NYCC 2019: The Are You Afraid of the Dark reboot is new but also the same


Anyone of a certain age — and according to the youngsters on the Flixist staff that age is over 30 — remembers Are You Afraid of the Dark. Staying up on Saturday nights to watch Snick was some kind of right of passage, the horrific images embedded deep into your brain. The kind of horror that a kid wasn’t supposed to watch. You felt like you were getting away with something and then you regretted getting away with it because you couldn’t get to sleep.

Of course, seeing the show now its… aged. The weekly monsters are mostly cheesy and the direction is lacking but there’s still something there at the back of your nostalgia center that gives you chills. Not for younger kids, though, so now Nickelodeon is rebooting the series for a new generation and that generation is a bit harder to scare and expects a bit more from its programming. That gives us a brand new take on an old series.

Are You Afraid of the Dark? - Intro

At NYCC much of the cast, the show’s creator, and its producer were on hand to discuss this new take. It’s a very different angle from the original. Gone are the episodic stories focusing on different monsters and instead we’ll receive a 3-episode mini-series that dives into the background of the Midnight Society. For those not in the know, that’s the group of kids who told the stories on the original show, opening and closing each episode but never really developing as characters. 

Now we’re diving into their story as a Mr. Tophat begins terrorizing the group in real life. Gone of are the individual stories and replaced is a show with character development. That doesn’t mean, however, that it’s losing its variety of horror. The series will be crammed full of references to both the original show and horror classics with pulls as deep as classics like Re-Animator. How that will actually translate onto a show on Nick is yet to be seen but hopefully it’ll be able to balance that desire to appeal to children and the ability actually still be scary. The film’s writer called it “High octane horror for children.”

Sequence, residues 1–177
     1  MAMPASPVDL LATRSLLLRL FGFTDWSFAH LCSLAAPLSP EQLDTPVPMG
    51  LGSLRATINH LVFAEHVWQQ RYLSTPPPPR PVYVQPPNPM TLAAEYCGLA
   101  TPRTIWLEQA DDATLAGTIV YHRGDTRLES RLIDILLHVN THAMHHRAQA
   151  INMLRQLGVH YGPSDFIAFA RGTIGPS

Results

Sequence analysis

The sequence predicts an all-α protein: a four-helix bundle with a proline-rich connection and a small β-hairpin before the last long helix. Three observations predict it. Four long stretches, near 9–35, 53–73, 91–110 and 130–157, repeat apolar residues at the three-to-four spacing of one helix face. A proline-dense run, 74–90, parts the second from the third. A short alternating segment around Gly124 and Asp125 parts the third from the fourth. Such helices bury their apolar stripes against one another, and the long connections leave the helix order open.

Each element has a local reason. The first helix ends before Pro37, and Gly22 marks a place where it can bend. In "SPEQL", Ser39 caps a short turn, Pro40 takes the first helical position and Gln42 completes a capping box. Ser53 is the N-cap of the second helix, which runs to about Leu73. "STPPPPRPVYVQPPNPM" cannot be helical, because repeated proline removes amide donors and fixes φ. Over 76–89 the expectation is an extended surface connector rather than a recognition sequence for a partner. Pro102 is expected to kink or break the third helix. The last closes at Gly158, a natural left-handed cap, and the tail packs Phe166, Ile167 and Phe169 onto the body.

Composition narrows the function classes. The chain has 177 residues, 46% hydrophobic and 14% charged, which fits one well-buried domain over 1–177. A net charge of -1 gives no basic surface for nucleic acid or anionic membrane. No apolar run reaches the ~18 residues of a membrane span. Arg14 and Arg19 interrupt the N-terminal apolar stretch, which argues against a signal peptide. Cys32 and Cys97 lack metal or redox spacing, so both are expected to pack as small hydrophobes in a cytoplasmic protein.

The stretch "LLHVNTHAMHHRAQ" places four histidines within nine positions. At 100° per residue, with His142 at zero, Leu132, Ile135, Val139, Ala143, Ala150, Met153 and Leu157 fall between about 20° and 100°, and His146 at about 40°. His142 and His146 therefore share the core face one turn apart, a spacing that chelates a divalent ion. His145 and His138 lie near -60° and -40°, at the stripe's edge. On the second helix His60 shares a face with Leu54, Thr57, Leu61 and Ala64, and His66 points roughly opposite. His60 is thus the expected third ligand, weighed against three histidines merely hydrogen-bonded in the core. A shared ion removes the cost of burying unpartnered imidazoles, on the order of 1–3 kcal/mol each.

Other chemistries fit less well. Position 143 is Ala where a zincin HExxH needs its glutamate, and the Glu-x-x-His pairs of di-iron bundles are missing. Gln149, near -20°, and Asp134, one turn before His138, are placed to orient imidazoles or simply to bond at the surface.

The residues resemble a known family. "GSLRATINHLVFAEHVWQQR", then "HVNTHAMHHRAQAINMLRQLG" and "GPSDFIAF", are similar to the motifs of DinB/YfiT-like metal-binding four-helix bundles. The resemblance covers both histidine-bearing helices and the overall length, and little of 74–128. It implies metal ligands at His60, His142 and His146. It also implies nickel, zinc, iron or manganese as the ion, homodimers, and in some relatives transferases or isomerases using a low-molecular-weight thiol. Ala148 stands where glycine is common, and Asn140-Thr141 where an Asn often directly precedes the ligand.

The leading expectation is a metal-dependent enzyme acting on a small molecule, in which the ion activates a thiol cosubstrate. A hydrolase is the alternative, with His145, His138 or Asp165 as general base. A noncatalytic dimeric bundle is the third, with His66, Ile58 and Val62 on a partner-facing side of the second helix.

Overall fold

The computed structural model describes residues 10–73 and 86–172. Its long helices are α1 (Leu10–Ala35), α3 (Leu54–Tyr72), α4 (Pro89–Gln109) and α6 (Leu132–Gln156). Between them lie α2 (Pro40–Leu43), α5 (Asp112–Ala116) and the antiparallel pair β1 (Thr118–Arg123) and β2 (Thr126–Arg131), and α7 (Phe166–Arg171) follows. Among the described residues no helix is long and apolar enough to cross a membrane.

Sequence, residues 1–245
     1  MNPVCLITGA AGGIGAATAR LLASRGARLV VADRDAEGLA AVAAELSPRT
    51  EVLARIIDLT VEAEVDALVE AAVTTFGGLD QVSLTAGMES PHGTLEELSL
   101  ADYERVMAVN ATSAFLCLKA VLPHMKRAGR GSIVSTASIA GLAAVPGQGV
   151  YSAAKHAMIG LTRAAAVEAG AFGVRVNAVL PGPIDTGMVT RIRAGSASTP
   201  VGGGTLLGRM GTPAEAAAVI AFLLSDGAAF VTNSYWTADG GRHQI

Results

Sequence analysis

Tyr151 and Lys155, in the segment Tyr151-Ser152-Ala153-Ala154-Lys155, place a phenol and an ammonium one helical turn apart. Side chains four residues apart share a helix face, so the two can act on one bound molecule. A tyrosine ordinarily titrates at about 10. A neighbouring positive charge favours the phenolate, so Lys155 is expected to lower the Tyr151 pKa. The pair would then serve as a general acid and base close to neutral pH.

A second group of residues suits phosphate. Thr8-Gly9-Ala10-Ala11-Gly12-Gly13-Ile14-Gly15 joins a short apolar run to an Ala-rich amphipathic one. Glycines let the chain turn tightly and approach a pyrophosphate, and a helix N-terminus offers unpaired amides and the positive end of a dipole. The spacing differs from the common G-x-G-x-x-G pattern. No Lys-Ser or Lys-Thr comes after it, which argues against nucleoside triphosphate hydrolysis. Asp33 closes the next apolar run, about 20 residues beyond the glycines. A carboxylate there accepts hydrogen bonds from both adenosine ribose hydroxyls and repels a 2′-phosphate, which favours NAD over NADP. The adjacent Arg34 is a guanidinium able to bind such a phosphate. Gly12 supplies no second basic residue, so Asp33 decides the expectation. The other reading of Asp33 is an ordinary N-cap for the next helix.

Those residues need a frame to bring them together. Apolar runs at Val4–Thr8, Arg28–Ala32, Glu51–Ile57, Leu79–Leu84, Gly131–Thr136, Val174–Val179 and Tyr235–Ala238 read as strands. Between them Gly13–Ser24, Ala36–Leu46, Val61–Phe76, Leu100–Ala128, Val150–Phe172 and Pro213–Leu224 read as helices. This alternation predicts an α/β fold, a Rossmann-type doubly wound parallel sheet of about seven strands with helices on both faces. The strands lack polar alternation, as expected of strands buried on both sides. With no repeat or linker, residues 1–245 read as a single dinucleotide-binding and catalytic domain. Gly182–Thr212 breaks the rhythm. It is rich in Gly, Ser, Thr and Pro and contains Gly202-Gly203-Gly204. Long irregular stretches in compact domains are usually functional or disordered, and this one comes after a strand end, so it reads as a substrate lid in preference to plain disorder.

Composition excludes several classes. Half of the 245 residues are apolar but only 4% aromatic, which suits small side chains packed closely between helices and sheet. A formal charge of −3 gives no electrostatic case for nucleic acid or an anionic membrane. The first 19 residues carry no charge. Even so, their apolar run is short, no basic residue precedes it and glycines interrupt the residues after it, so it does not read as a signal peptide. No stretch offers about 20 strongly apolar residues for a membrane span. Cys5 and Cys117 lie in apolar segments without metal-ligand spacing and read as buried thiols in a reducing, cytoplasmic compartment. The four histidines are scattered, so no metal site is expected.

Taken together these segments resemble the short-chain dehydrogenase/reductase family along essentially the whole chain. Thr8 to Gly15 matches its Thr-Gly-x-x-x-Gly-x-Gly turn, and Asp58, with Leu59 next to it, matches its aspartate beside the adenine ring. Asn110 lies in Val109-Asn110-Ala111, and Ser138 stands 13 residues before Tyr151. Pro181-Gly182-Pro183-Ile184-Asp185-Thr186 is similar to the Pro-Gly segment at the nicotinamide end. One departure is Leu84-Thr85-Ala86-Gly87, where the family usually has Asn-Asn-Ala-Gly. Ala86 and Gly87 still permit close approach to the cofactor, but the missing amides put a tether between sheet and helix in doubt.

I was not fully convinced from the clip they showed, which featured a scene from a carnival that the kids had gone to. It was jam-packed full of horror cliches but didn’t feel all that scary. Maybe, like the original, it would work for some kids. Monsters popped out the water in the “Tunnel of Love” and scary clowns chased some people. There was one moment at the end of the clip that did actually engender a scream from the audience so there is hope. I can tell you it definitely has one thing in common with the original, it looks cheap in the best way possible.  

Matthew Razak
Matthew Razak is the founder and Editor-in-Chief of Flixist. He has worked as a critic for more than a decade, reviewing and talking about movies, TV shows, and videogames. He will talk your ear off about James Bond movies, Doctor Who, Zelda, and Star Trek.